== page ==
The Old “Portrait vs. Landscape” Debate is Set to Re-ignite
Last week’s dueling tablet news brought to mind an old Tablet PC argument. On one side, there’s The Daily, the digital newspaper designed for the iPad which retains the vertical orientation of print. On the other was Android 3.0 Honeycomb which demonstrated a distinct horizontal orientation. Makes me wonder how the old “portrait or landscape” question will affect the new tablet competition.
For as long as I’ve been using a Tablet PC, there has been debate over when and how to use a slate tablet in portrait or landscape mode. Usually it’s a matter of taste, but it also depends on the type of work being done or content being viewed. With the new crop of slates, however, hardware and software are making more of that decision for us.
While Apple plays up the notion that any side is up when it comes to the iPad, the reality is the side with the home button and docking port is clearly the bottom. The rest of the buttons are built around that, giving the iPad a distinct portrait-based design. Operationally, it’s more of a “hold in one hand, control with the other” device.
Throughout the Android 3.0 event, the imagery of the OS was almost entirely landscape oriented. There appears to be no requirement in the software for that. Instead, it seemed to be guided primarily by the predominant use of widescreen displays on Android tablets. Widescreen is better for watching video than a 4:3 ratio display, such as on the iPad, but it also makes landscape the favored orientation. Hardware makers recognize this and place ports, cameras, etc., accordingly. That combined with the typically smaller size of these tablets compared to the iPad make them better for holding with two hands and operating with thumbs.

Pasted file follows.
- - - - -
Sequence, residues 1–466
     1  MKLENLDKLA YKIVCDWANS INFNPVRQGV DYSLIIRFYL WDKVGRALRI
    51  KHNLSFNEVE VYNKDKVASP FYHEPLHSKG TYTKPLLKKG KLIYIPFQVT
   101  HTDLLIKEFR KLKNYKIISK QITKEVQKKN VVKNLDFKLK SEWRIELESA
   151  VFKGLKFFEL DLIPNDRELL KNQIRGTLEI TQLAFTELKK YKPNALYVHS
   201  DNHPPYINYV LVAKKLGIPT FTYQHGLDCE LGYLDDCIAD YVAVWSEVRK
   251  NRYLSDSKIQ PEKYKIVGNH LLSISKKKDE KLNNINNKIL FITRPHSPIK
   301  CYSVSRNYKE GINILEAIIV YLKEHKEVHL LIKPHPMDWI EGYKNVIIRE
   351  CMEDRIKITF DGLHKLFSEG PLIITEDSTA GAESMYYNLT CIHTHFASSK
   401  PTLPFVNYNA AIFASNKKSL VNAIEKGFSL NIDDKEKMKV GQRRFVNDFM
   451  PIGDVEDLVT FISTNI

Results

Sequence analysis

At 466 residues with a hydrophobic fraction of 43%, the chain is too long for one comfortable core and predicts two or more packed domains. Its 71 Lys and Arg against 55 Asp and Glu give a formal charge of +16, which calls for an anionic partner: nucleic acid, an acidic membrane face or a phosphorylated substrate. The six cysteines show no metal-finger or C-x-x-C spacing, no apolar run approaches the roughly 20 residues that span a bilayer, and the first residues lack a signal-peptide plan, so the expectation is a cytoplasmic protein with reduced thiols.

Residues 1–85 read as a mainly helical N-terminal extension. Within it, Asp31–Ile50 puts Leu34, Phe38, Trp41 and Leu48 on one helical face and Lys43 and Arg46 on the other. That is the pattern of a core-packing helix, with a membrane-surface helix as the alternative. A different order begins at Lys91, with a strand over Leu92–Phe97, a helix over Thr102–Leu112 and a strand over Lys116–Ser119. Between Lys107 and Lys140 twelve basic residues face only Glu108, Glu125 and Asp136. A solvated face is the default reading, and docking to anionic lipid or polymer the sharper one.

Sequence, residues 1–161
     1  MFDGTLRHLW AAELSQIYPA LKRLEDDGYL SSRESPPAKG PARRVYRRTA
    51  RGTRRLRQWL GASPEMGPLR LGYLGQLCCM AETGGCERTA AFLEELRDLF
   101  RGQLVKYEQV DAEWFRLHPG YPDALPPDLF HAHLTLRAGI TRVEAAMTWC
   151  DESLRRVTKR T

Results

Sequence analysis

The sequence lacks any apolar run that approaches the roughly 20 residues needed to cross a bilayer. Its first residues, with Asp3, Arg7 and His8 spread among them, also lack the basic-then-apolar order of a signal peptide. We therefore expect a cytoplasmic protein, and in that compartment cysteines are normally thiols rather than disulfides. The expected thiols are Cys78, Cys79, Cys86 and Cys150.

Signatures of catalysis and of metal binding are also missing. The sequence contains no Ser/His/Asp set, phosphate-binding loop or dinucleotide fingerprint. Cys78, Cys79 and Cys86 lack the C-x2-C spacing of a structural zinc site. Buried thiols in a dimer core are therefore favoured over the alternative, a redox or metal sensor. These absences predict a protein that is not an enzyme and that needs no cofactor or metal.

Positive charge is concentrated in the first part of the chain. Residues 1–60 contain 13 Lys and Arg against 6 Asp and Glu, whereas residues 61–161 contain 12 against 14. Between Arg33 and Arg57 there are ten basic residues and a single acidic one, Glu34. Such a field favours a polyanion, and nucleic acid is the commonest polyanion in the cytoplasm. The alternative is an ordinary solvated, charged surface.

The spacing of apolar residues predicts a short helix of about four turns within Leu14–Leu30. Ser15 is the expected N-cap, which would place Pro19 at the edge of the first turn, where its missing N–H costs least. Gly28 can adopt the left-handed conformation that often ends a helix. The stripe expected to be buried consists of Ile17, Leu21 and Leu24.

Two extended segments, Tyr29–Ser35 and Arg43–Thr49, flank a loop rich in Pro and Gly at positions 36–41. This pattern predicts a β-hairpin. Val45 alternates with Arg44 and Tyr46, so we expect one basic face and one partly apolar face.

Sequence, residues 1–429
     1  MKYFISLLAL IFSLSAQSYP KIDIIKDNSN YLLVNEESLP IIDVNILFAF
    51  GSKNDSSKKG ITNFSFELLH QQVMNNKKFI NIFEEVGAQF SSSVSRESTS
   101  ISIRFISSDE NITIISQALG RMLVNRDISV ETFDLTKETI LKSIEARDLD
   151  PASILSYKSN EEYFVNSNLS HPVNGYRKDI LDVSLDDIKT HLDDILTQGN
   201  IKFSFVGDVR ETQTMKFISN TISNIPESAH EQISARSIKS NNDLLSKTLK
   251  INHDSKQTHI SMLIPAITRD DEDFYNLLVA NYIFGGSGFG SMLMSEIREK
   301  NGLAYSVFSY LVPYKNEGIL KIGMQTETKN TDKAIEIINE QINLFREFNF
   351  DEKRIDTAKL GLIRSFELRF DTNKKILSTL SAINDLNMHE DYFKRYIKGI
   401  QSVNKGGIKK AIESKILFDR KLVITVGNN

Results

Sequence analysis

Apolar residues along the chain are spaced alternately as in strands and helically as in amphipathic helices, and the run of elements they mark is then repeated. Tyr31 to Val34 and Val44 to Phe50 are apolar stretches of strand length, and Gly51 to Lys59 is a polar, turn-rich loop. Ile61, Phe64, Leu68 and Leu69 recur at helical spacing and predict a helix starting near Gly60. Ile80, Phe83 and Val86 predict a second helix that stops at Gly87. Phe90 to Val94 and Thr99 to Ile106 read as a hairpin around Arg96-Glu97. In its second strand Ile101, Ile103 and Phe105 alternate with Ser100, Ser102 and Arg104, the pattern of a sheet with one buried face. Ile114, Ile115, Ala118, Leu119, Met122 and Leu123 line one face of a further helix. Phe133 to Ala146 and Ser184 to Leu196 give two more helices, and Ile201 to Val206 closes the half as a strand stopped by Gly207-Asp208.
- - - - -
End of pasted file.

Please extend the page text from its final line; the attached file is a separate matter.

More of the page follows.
Thus, while the iPad and any Android tablet can be used in either orientation, there is a preference on each side. In my experience, a 4:3 aspect display like the iPad’s works better for alternating between orientations. While a widescreen can work better in portrait mode in some cases, such as reading long web pages, it usually works better in landscape. Whichever one holds the advantage depends on a user’s personal taste and usage. As stronger iPad competitors come to market, I think the “portrait vs. landscape” decision will become a more important factor in purchases.